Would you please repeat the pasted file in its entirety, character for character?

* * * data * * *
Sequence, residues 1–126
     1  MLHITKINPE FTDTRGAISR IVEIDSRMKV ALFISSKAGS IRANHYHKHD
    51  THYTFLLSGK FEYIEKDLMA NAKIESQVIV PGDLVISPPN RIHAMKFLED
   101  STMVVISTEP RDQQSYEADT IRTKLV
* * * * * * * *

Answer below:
Sequence, residues 1–126
     1  MLHITKINPE FTDTRGAISR IVEIDSRMKV ALFISSKAGS IRANHYHKHD
    51  THYTFLLSGK FEYIEKDLMA NAKIESQVIV PGDLVISPPN RIHAMKFLED
   101  STMVVISTEP RDQQSYEADT IRTKLV